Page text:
There are several code analysis tools for Python. The most well known is pylint. Then there’s pychecker and now we’re moving on to pyflakes. The pyflakes project is a part of something known as the Divmod Project. Pyflakes doesn’t actually execute the code it checks, unlike pychecker. Of course, pylint also doesn’t execute the code. Regardless, we’ll take a quick look at it and see how pyflakes works and if it’s better than the competition.
As you have probably guessed, pyflakes is not a part of the Python distribution. You will need to download it from PyPI or from the project’s launchpad page. Once you have it installed, you can run it against some of your own code. Or you can follow along and see how it works with our test script.
We’ll be using a super simple and pretty silly example script. In fact, it’s the same one we used for the pylint and pychecker articles. Here it is again for your viewing pleasure:
import sys ######################################################################## class CarClass: """""" #---------------------------------------------------------------------- def __init__(self, color, make, model, year): """Constructor""" self.color = color self.make = make self.model = model self.year = year if "Windows" in platform.platform(): print "You're using Windows!" self.weight = self.getWeight(1, 2, 3) #---------------------------------------------------------------------- def getWeight(this): """""" return "2000 lbs"
As was noted in the other articles, this dumb code has 4 issues, 3 of which would stop the programming from running. Let’s see what pyflakes can find! Try running the following command and you’ll see the following output:
crummy_code.py:1: 'sys' imported but unused
crummy_code.py:15: undefined name 'platform'
While pyflakes was super fast at returning this output, it didn’t find all the errors. The getWeight method call is passing too many arguments and getWeight method itself is defined incorrectly as it doesn’t have a “self” argument. Well, you can actually call the first argument anything you want, but by convention it’s usually called “self”. If you fixed your code according to what pyflakes told you, your code still wouldn’t work.
The pyflakes website claims that pyflakes is faster than pychecker and pylint. I didn’t test this, but anyone who wants to can do so pretty easily by just running it against some big files. Maybe grab the BeautifulSoup file or run it (and the others) against something complex like PySide or SQLAlchemy and see how they compare. I personally am disappointed that it didn’t catch all the issues I was looking for. I think for my purposes, I’ll be sticking with pylint. This might be a handy tool for a quick and dirty test or just to make you feel better after a particularly poor result from a pylint scan.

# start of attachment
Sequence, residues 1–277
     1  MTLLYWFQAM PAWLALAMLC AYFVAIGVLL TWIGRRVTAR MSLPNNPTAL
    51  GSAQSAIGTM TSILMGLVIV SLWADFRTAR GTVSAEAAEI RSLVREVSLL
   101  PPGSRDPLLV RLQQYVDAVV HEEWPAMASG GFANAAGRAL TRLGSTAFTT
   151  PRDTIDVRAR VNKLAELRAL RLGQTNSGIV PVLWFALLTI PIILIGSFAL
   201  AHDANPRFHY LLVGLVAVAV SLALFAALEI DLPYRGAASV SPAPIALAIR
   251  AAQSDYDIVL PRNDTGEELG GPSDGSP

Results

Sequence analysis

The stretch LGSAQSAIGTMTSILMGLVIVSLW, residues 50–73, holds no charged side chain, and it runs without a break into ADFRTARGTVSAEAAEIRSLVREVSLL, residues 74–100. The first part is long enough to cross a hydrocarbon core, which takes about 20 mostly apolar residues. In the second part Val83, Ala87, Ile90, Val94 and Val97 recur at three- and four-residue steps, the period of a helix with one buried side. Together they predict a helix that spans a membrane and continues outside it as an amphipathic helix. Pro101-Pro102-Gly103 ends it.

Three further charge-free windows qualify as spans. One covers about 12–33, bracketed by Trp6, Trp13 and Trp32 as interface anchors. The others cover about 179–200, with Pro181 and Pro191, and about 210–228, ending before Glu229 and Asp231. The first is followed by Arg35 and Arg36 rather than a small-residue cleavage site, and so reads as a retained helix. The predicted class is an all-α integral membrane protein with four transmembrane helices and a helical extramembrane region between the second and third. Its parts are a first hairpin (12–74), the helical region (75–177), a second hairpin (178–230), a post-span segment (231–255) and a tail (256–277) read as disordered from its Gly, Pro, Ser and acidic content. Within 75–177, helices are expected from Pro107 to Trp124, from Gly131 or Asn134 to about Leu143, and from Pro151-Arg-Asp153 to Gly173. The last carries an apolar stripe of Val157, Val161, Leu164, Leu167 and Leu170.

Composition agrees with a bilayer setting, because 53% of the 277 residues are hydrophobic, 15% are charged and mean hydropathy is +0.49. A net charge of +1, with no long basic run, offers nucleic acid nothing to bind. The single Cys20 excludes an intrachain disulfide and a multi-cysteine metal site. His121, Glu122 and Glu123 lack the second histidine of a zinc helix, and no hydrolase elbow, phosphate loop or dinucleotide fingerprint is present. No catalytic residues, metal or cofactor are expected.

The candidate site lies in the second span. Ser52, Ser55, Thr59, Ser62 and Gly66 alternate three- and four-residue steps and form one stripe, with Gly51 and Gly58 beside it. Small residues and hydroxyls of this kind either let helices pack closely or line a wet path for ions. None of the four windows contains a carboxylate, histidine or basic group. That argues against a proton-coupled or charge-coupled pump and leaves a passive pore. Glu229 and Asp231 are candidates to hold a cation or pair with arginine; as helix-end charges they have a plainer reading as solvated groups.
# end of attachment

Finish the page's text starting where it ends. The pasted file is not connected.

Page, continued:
- My article on PyChecker
- PyChecker’s official website (a similar project to pyflakes)
- Doug Hellman’s review of Python Static Code Analyzers from the Python Magazine
8 thoughts on “pyflakes – the passive checker of Python programs”
has any one triedÂ
PyChecker ? If I am usingÂ
pylint , what am I missing ?Â
it integrates pyflakes with pep8
it can be easly integrated with vim
I wrote an article on PyChecker as well. I don’t think it really adds much to PyLint though.
“getWeight method itself is defined incorrectly as it doesnâ€™t have a â€œselfâ€ argument. “, that’s not true! “self” is passed as a positional argument, not as a keyword argument, so it doesn’t matter what it is called, as long as it is the first one. However, it’s true that pyflakes should have told you about it, because everybody use “self”.
Sorry about that. I must have been distracted when I wrote that sentence.
Is the call to getWeight an error? Only if you didn’t subclass CarClass and override getWeight. Also only if you don’t have a metaclass in play that transmutes getWeight methods. Or, maybe raising ArgumentError is the desired behavior.
A human can read this code and see that none of these are the case, and there’s an error here. But, a computer that isn’t an AI can’t know for sure. It can’t extract the specified behavior out of the comments. It can’t make good decisions on how things should be. It can say there’s *probably* an error, but then you introduce the possibility of false positives. It also can’t know what your style preference is. From PEP 20, the Zen of Python:
“In the face of ambiguity, refuse the temptation to guess.”
Pyflakes’s refusal to complain about anything that isn’t *positively* an error is its distinguishing feature. It’s why it has no options to disable checks: there are no checks you’d ever want to disable.
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